Smart Phones, Social Media and Jesus by Robert Socha
This Christmas season, for the first time in years, our family visited the magnificent Fox Theater in Detroit to attend their one-day showing of a traveling group performing The Nutcracker. Understandably delayed 15 minutes because of the unfortunately necessary security measures creating the impression of assuring public safety, the second of three sold-out performances that day was alive with conversation and zeal. The palpable anticipation of this holiday treasure easily overcame any possible frustrations with the delay.
Lights dimmed, the audience hushed, and dancers began to interpret the score majestically. However, there was an unintended challenge because even 15 minutes was not long enough to allow everyone to take their seats. As a result, scores of patrons, seemingly oblivious to the thousands who had Planned their excursion with plenty of time to settle before showtime, were seated in the opening minutes of the first act obscuring the stage for extended periods. It was innocuous initially, but the flow of latecomers interrupting the performance challenged one’s patience and not being distracted from enjoying the show.
The egocentric displays that followed were utterly oblivious to the public square and proper theatrical etiquette. Three ladies seated directly in front of me during the most majestical and eye-popping scenes pull out their smartphones and photograph. The glare from their screens was a terrible distraction and an unnecessary interruption of this grand display of artistic talent. If the photography weren’t bad enough, one of the ladies would scroll through the plethora of pictures she just took, seemingly to choose, edit, and publish them right from the theater. The self-centered need for immediate approval, acceptance and social virtue was on static display. They would even audaciously discuss magnificent dance sequences during the performance. (Intermission?)
Smartphones and social media have challenged our collective will in a narcissistic display of hedonism.
I was appalled, and after enduring the self-centered photography for most of the first act, I loudly whispered, “seriously,” attempting to convey to these novice photographers their unacceptable behavior. Unfortunately, the rebuke went unheeded, probably unnoticed, and their pixel distraction continued into the second act. Finally, in a fit of desperation, I suggested to these ladies, “Please use your mind to record the moments you would like to revisit in the future.” Maybe I should have remained silent, but their interruptions ceased, although there were smatterings of others engaged in the same deplorable behavior throughout the venue.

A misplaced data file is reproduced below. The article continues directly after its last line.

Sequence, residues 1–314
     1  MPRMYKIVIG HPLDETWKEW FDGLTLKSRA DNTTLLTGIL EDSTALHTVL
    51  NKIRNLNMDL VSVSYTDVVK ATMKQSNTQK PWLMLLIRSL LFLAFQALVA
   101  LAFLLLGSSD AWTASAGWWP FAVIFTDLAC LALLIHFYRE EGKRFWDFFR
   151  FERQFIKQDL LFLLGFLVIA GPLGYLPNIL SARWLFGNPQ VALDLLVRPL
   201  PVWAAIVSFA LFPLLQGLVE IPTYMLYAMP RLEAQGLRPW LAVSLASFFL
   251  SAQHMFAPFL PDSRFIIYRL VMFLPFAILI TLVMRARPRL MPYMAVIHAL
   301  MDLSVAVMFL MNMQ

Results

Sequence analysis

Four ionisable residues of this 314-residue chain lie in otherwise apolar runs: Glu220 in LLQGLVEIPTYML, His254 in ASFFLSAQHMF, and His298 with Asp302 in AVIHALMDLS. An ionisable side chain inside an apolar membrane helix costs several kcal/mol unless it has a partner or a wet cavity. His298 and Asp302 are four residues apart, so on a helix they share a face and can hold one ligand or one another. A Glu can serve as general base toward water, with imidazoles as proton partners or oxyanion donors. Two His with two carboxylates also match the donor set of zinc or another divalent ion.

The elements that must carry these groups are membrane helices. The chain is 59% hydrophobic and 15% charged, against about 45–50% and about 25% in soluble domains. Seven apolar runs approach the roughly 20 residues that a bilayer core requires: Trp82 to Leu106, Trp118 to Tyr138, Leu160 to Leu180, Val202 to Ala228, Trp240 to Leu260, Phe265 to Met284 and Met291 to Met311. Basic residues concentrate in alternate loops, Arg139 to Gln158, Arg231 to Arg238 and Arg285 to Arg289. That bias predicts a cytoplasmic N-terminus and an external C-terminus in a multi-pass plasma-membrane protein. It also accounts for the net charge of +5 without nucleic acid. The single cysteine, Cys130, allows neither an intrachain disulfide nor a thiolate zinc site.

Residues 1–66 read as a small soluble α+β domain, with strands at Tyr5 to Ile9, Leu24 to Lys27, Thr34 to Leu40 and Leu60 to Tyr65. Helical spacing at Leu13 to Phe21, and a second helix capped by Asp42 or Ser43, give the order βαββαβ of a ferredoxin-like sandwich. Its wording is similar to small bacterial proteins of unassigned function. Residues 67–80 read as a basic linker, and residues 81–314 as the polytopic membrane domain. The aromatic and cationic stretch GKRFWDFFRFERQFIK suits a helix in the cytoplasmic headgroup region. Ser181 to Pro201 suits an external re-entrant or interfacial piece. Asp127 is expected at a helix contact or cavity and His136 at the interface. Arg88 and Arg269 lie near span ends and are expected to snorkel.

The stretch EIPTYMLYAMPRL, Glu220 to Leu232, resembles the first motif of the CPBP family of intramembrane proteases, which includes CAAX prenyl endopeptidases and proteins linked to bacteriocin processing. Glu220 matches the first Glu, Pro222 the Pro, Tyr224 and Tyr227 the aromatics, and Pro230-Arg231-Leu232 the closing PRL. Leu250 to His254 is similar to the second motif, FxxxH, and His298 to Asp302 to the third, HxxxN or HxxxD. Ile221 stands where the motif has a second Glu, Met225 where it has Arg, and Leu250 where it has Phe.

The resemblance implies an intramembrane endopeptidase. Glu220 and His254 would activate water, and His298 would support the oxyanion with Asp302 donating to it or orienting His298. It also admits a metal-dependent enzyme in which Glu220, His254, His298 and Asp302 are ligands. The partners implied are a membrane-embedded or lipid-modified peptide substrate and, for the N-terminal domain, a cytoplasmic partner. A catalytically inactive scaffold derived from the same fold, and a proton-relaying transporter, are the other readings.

I wonder about this trend. Is life so pressing, a public image so vital, and etiquette so trivial that one would find it necessary to interrupt the enjoyment of a treasure for countless souls to record a live performance digitally, to be rarely if ever revisited? Apparently, that is the case. It would be wonderful if we retrain ourselves to live in the moment and forgo the need for instant gratification. Then we could stimulate our memories and vocabularies with a grand description of what we witnessed.
Contrast the humble origins of the Savior, Christ the Lord. Yet, we arrive this week at the culmination of the Season to celebrate this providential event. In His life and ministry, “the Son of Man did not come to be served, but to serve – and give His life as a ransom for many” (Mark 10:45). Maybe we would do well to emulate His example, even in the theatre’s midst.
About the Author
Robert Socha, BIO Robert Socha (so-ha), was born in southern California. He served 5 years 3 months active duty in the United States Air Force; honorably. After his service he took an Associate’s Degree in Practical Theology, where, through his studies, developed a deep love of God and Country and sincere appreciation of the value of Liberty. Robert and his beloved wife of 21-plus years are raising 4 beautiful Texan children. They moved to Hillsdale, Michigan, in 2013, to put their children in Hillsdale Academy. Robert is a sales professional. He and his wife consider Michigan a hidden gem, and absolutely love this city and state (current political environment notwithstanding) they’ve adopted.